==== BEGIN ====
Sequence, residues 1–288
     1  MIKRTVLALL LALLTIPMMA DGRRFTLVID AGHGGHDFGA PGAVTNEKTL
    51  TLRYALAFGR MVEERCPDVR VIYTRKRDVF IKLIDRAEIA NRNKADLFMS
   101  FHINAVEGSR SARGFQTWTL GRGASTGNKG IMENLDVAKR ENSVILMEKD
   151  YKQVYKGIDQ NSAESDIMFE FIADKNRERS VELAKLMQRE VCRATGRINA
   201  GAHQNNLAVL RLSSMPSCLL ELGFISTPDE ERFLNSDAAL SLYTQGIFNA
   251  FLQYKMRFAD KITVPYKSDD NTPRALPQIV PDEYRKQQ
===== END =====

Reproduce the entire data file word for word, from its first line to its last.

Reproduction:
Sequence, residues 1–288
     1  MIKRTVLALL LALLTIPMMA DGRRFTLVID AGHGGHDFGA PGAVTNEKTL
    51  TLRYALAFGR MVEERCPDVR VIYTRKRDVF IKLIDRAEIA NRNKADLFMS
   101  FHINAVEGSR SARGFQTWTL GRGASTGNKG IMENLDVAKR ENSVILMEKD
   151  YKQVYKGIDQ NSAESDIMFE FIADKNRERS VELAKLMQRE VCRATGRINA
   201  GAHQNNLAVL RLSSMPSCLL ELGFISTPDE ERFLNSDAAL SLYTQGIFNA
   251  FLQYKMRFAD KITVPYKSDD NTPRALPQIV PDEYRKQQ